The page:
“My ongoing interest in the fragmented body informs the two paintings in Stranded. Depicted in each work are groups of three figures who appear to be involved in a protest, waving flags, and holding up signs. As in previous works, these gestures are rather ambivalently directed towards an imagined audience and the flags and signs shelter the figures from the inquisitive eyes of the viewer or some other threat. Blowing in the wind, the sail-like flags indicate arbitrary energy and unlimited movement, contrasting with the restricted passivity of bent bodies and dangling extremities underneath them. Hands and legs appear to be attached to torsos as if they could be removed or repositioned. This generates an image of the body that is somewhat unstable or questionable in terms of its’ coherence. The figures are rendered just under life-size, giving them an appearance that is reminiscent of a ventriloquists’ doll - apparently active while surrendering to gravity, simultaneously inanimate and alive. The unemotional demeanour of my figures combined with the fragmentation of their bodies aligns with a realism closer to the puppets and automatons of Surrealism and Dadaism than to a less conflicted type of Realism, which often engages in more affirmative representations of the bipedal human.
The question of bodily cohesion is deepened by the fact that these figures are seen from underneath and this perspective obscures the visual information of what is happening on the scaffolding. As with most of my figurative paintings, the economy of what is visible and knowable versus that which is opaque, and unknown are important concerns. When concrete information is given, in the form of identifiable logos or recognisable merchandise, it accentuates the lack of knowledge the viewer has about the core topicality of the works. Protest? Against what? Whose flags? Beyond this, the figures’ modularity brings out a mechanistic quality that is apparent across the whole painting. All the visible details of the works are synthesized to build an integrated choreography that does not make a distinction between body and backdrop or figure and ground. The background colours suggest an artificially lit setting that could be an interior space like a photographer’s studio to pose the question is it a staged photo?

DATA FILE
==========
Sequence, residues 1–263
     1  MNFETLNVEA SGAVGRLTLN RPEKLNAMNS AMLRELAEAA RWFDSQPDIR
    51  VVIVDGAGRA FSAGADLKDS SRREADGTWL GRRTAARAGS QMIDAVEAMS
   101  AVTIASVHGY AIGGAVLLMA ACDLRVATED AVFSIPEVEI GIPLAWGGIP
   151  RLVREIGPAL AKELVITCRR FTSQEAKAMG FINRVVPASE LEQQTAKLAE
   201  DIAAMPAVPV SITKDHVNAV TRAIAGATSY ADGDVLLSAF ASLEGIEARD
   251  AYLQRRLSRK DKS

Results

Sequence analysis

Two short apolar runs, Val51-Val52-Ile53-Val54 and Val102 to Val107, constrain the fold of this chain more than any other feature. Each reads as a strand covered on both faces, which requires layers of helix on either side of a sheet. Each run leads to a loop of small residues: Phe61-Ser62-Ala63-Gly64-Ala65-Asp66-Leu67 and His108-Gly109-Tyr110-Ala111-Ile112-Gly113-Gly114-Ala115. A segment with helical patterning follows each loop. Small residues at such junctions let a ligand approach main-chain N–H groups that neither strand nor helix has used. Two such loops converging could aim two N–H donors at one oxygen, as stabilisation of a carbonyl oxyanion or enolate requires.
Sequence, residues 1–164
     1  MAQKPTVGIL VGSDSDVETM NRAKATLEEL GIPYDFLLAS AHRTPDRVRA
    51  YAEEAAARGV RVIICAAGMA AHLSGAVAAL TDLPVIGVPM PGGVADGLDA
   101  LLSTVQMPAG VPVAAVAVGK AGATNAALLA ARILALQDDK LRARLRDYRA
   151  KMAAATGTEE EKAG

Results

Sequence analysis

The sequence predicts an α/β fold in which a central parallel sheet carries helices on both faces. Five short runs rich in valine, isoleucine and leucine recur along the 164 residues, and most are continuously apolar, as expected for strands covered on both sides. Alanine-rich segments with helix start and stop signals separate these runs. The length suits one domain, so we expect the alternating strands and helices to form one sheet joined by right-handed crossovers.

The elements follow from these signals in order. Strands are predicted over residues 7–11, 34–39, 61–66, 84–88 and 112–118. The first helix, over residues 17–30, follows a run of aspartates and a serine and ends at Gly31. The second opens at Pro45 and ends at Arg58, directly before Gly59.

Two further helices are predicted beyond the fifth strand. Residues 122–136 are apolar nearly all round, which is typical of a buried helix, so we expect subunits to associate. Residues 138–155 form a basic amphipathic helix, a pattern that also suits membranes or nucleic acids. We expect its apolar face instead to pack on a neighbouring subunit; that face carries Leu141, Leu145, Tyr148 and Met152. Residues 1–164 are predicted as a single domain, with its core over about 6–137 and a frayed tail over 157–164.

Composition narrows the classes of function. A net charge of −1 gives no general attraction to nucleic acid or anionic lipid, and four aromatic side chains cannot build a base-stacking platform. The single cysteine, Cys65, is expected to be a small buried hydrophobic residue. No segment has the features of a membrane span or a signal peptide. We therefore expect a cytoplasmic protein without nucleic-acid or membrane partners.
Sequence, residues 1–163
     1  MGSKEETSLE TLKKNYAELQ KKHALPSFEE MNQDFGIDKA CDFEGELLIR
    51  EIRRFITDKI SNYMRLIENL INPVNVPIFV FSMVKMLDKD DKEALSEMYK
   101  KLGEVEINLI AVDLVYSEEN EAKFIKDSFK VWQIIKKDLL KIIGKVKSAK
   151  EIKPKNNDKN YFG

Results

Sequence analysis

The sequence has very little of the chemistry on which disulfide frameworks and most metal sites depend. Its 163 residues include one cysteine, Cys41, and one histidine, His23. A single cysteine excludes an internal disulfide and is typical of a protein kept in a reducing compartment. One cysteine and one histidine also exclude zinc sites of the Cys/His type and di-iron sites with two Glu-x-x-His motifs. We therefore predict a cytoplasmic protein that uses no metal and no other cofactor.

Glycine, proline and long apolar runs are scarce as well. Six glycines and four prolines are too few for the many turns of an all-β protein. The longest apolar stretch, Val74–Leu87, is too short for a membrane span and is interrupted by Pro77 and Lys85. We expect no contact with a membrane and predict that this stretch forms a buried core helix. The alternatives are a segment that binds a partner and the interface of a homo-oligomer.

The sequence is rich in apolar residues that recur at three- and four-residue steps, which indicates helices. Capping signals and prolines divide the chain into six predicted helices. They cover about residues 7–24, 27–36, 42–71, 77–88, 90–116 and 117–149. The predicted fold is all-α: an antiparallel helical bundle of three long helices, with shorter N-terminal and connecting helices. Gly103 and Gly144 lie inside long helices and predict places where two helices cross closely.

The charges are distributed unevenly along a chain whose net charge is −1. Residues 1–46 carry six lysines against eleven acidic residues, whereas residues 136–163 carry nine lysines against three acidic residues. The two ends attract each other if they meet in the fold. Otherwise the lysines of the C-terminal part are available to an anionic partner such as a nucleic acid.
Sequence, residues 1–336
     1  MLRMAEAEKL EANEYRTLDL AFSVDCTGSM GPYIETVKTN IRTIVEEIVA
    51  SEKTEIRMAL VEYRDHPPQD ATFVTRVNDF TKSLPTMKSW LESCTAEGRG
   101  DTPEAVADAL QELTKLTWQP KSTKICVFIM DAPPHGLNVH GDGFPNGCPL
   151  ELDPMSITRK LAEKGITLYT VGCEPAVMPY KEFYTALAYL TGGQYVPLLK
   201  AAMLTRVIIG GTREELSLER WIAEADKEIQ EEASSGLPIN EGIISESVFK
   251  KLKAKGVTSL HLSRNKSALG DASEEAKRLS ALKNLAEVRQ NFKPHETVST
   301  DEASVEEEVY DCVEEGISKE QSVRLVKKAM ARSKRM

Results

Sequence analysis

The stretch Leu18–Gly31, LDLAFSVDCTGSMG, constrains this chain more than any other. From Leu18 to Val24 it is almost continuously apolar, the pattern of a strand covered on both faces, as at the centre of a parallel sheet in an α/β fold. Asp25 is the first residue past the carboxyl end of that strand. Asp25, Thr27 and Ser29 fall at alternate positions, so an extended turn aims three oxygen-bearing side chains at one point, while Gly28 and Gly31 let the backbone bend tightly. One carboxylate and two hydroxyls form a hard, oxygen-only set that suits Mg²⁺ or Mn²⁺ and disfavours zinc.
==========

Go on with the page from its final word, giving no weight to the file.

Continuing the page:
The two paintings in Stranded are contextualized by a collage made up of found images and disposable coffee-cup lids that are laid out in a vitrine. While they seem to hint at a specific moment in time or provide a historical context for the paintings, they do not offer any concrete references to time and place."
- Thomas Eggerer, 2021
Thomas Eggerer’s work is currently included in the group show Illiberal Arts (curated by Anselm Franke and Kerstin Stakemeier) at Haus der Kulturen der Welt, Berlin. His work has been exhibited within numerous global institutions including Museum Brandhorst, Munich (2020, 2019, 2015); Stedelijk Museum, Amsterdam (2017); MUMOK, Vienna (2016); White Columns, New York (2011); MoMA, New York (2009); Castello di Rivoli, Turin (2008); SF MoMA, San Francisco (2008); Frans Hals Museum, Haarlem, The Netherlands (2008); UCLA Hammer Museum, Los Angeles (2004); Museum of Contemporary Art San Diego (2004); Vancouver Art Gallery (2004); CCA Wattis Institute for Contemporary Arts, San Francisco (2004); Kunstverein Braunschweig, Germany, (2003); Wadsworth Atheneum Museum of Art, Hartford, CT (2002). His work is in the public collections of the Los Angeles County Museum of Art; MOCA, Los Angeles; Museum of Modern Art, New York; Sammlung Brandhorst, Munich; San Francisco Museum of Modern Art; Stedelijk Museum, Amsterdam; UCLA Hammer Museum, Los Angeles, Wadsworth Atheneum, Hartford, Connecticut and the Whitney Museum of American Art, New York, USA.
Thomas Eggerer | Press Release 2021